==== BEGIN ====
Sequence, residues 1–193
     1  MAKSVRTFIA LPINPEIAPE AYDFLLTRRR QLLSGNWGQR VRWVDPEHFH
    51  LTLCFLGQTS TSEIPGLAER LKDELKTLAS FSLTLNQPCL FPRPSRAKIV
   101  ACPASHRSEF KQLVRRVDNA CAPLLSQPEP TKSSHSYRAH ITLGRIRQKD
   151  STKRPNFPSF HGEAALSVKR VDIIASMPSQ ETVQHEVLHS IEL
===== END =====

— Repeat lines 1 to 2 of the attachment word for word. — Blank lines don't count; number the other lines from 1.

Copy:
Sequence, residues 1–193
     1  MAKSVRTFIA LPINPEIAPE AYDFLLTRRR QLLSGNWGQR VRWVDPEHFH